My son is unable to make a YouTube video articulating his likes and dislikes just yet, so no one is hearing HIS voice. But I am. I hear it in the way he cries out for his (ABA) school all weekend and races through the doors every single time he arrives there. I hear it in the giggles and permanent smile he has on his face while there. And most importantly of all I hear it when he SPEAKS. The thing we were told he would never do. And I hear it when he can play with his siblings, learn through imitating them and others, and self calm instead of throwing things and screaming.

I wish that, just once, the 'autism community' would hear his voice, and that of lots and lots of other children like him. And that those who are able to speak and and articulate well don't try and claim that it is less cruel to 'respect' my son's autism by leading him on the path to institutionalisation as an adult.

Parietal Sat 30-May-15 13:59:36

there are many varieties of ABA, and types of intervention based on ABA. The good ones are really engaging and are the best way to help a child with autism to learn. There is proper scientific evidence that things like the 'Denver early start model' (which is ABA based but does more) really works. So don't reject all ABA, but do look carefully at which is best.

pastizzi Sat 30-May-15 13:59:36

Oh, and never in 6years of ABA has my child been forced to look into anyone's eyes.

LoupDeLou79 Sat 30-May-15 14:07:37

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Pixellator Sat 30-May-15 14:39:50

Pastizzi, yes to low expectations of children in eclectic provision. Agree with so much of your post.

PolterGoose Sat 30-May-15 14:46:25

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yakkiyakkiyogi Sat 30-May-15 16:48:12

Thanks all for offering your opinions as it'll all help me form my own opinion regarding this issue.
pastizzi - I can see your point of view especially as DS is non verbal and the thought of having him speak as a result of an intervention is very very very attractive. But can I just ask for your opinion in terms of what it says regarding "ableism", "normalization" etc. I guess what I mean is that I'm wary of the prospect of DS suppressing his behaviours or feelings to "look normal" and suffer as a result of bottling up.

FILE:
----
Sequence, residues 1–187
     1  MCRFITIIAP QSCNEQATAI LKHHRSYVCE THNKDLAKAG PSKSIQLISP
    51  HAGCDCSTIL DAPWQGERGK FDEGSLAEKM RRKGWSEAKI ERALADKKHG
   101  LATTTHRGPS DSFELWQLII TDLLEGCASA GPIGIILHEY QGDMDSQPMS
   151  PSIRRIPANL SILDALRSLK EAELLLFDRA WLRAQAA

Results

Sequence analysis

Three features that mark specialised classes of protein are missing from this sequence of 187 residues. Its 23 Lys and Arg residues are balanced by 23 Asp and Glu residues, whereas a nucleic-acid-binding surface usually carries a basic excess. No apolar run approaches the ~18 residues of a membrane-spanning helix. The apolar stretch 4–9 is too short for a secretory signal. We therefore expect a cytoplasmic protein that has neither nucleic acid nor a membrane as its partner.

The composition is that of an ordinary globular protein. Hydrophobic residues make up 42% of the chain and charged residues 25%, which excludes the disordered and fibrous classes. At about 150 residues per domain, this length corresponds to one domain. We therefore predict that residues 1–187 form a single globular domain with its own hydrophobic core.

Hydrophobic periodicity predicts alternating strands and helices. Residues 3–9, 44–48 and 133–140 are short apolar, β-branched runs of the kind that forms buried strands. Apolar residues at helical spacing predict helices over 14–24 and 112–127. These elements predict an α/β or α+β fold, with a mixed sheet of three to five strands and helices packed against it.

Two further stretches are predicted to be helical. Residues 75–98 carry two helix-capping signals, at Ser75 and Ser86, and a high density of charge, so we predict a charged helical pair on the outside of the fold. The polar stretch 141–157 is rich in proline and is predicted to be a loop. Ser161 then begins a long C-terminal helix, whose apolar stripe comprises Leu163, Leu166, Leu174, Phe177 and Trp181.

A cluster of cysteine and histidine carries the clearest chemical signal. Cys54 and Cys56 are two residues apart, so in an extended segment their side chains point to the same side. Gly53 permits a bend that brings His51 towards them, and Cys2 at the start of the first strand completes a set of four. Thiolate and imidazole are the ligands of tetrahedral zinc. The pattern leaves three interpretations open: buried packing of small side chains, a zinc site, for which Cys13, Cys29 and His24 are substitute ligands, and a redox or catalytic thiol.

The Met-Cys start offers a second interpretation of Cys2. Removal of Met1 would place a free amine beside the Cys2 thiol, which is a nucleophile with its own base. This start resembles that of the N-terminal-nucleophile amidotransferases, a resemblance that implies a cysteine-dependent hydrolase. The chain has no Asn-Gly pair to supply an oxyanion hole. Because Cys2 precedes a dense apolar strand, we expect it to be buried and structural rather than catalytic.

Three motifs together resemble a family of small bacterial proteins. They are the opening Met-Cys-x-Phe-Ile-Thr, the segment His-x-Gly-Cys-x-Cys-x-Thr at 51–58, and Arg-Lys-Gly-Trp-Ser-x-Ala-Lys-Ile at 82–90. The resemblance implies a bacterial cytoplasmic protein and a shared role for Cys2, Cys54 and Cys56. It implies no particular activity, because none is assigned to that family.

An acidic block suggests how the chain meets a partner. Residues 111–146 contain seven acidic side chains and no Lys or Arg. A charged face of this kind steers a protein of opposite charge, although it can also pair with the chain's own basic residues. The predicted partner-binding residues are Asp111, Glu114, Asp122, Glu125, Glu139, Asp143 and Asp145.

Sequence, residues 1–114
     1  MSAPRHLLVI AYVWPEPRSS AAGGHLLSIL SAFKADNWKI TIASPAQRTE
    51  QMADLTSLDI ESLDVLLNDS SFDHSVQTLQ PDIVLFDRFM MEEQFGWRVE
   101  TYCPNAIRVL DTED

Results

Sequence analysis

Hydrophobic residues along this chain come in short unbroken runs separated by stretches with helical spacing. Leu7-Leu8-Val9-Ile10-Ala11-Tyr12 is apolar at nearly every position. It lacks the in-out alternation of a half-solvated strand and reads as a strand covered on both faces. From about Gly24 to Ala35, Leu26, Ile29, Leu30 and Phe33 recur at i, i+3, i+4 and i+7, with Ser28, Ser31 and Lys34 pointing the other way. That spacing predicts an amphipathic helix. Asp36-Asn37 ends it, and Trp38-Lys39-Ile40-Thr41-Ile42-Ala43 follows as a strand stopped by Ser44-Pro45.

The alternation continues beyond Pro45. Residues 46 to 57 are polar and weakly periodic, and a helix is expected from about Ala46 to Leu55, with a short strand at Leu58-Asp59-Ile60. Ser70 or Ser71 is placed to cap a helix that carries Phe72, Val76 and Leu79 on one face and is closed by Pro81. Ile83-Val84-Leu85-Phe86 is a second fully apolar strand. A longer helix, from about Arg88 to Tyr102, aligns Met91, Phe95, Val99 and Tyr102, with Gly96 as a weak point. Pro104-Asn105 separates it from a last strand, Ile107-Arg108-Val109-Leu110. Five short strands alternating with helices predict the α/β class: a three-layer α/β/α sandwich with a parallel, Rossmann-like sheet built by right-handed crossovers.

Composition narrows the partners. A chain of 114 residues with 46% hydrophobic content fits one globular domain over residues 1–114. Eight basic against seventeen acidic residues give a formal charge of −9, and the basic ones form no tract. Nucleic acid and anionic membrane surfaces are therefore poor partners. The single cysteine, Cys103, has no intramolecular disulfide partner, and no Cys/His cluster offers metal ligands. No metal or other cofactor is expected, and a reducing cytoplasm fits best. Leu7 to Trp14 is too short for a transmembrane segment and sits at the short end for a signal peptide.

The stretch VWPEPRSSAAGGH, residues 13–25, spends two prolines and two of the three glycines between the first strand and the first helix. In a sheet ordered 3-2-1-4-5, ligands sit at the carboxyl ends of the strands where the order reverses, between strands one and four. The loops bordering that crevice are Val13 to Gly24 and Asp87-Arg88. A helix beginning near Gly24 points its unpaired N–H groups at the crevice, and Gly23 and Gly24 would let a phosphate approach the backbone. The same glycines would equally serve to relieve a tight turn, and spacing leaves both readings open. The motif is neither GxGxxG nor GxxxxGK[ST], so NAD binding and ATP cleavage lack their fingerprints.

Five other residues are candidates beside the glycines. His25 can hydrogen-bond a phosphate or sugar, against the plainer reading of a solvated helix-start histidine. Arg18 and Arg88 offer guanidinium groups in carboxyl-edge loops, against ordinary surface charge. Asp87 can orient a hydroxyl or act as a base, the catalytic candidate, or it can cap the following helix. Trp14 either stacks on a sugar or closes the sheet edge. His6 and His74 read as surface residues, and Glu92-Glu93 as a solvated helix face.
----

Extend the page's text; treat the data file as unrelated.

Also what's the data collection for (sorry if its a dumb question)...
I've just googled the meaning of eclectic lol blush and I don't see it as a negative confused

OP’s posts: |
chocnomorechoc Sat 30-May-15 19:14:54

we use ABA and in no way do we try to make DD normal. It was ABA that got DD to talk and to communicate (and a few other things). our sessions are fun and full of play. DD is very low functioning through and has learning difficulties. Salt did very little for us in terms of speech and language.

amberlight Sat 30-May-15 20:08:49

This may help parents and carers trying to decide on a therapy or system. From the well respected Research Autism group, with whom I work nationally. I also work with good ABA practitioners who use respectful methods. And with many individuals who do not speak but who use other communication methods to say their views on ABA. Any idea that it has to be ABA or institutionalisation is not correct, in my view. There's no general data to support that view, that I know of. But people are of course wise to make up their own minds. As we see here, there are many therapies etc that have strong evidence of usefulness for autism. ABA isn't evaluable by Research Autism, because its contents are so variable. (I'm not always able to speak. I couldn't use language to communicate for the first ten years of my life. If that helps. )


LoupDeLou79 Sat 30-May-15 20:21:26

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LoupDeLou79 Sat 30-May-15 20:29:42

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LoupDeLou79 Sat 30-May-15 20:56:13

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PolterGoose Sat 30-May-15 21:00:53

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soapboxqueen Sat 30-May-15 21:18:59

What PolterGoose said

zzzzz Sat 30-May-15 21:19:56

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LoupDeLou79 Sat 30-May-15 21:21:01

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LoupDeLou79 Sat 30-May-15 21:28:23

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LoupDeLou79 Sat 30-May-15 21:30:06

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PolterGoose Sat 30-May-15 21:31:46